Dick took on a variety of roles during his employment at the optical company. In addition to working in the surfacing and finishing rooms, for the past several years he was in a lead position. “I was the go-to person when things needed to be figured out. I liked that role...teaching others the common sense way to approach optical problems.”

He’s seen a lot of dramatic changes over the years in the optical industry, Dick said. “Between the products used and how things are done...when I first started, we used to have just glass lenses. Staples was one of the first labs in the state to offer plastic lenses. Now I’d say that no-line bifocals makes up the majority of our work.”

One of the things that remained constant was Dick’s work ethic. “I have to thank my parents for that,” he said, adding that his dad owned a cabinet shop in Perham, which is where he was first employed while still a teen. “Mom and dad showed us the fruits of an honest day’s work. You can’t go wrong,” he said, adding that his parents, now in their 90’s, are still living in Perham.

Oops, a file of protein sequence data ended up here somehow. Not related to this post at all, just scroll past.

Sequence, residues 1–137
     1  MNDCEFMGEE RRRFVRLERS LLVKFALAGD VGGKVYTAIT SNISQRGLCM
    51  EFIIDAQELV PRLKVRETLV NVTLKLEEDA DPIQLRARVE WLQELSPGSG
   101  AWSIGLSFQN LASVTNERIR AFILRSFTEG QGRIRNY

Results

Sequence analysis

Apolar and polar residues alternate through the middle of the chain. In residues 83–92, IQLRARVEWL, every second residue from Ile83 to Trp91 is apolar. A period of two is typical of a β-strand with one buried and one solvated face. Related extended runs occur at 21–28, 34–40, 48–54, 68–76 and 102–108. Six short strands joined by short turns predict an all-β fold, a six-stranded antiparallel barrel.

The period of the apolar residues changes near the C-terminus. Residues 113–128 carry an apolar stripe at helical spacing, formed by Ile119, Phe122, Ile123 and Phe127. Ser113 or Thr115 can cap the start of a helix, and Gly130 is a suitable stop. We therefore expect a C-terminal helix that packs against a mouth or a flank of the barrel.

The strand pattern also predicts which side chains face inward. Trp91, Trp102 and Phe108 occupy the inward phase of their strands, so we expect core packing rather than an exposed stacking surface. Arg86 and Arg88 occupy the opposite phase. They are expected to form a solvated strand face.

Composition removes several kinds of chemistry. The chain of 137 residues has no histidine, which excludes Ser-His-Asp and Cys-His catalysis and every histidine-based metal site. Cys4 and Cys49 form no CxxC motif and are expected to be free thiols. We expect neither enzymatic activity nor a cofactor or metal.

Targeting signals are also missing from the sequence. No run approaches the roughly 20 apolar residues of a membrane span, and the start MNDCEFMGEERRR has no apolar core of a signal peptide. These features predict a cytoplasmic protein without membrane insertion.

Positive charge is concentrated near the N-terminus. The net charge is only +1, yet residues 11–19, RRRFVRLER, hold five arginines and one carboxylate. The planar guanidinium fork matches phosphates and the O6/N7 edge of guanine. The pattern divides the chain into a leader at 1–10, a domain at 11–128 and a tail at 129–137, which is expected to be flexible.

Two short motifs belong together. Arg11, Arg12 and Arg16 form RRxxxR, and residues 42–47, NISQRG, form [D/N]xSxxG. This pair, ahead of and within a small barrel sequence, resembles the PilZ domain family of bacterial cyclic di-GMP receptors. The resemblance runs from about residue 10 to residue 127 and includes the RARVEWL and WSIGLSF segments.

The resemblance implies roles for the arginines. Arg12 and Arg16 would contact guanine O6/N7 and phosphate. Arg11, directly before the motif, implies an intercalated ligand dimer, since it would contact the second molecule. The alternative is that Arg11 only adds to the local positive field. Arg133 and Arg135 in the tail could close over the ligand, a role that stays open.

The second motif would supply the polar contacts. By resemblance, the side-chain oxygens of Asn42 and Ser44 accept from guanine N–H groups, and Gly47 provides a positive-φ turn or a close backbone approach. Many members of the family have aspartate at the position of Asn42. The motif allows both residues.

Now that he’s retired, he’ll have more time to visit his parents, as well as his children and eight grandchildren. “I’ve got awesome kids,” Dick said. “They threw a retirement party for me over Memorial Day weekend. They said, ‘You guys don’t have to do anything...just be here.’ We had a great time; it was the first time in five years that everyone was home.”

Dick still gets up at 6 a.m. every morning. “I’m not going to waste my day,” he said. “I’ve always thought that naps are a waste of time, I like to keep busy.”

He also plans to spend time at Rush Lake, building a log cabin with his siblings; and taking road trips with his wife. “Kris and I love to just get in the car and go, without any real plans.”

“I’m content,” Dick said, looking once again at his back yard...the grass green from the rain; the trees, once seedlings, now reaching to the sky. “I have a lot to be thankful for,” he says, mentioning his family and strong Catholic faith. “I really think that’s the key in be thankful for what you have.”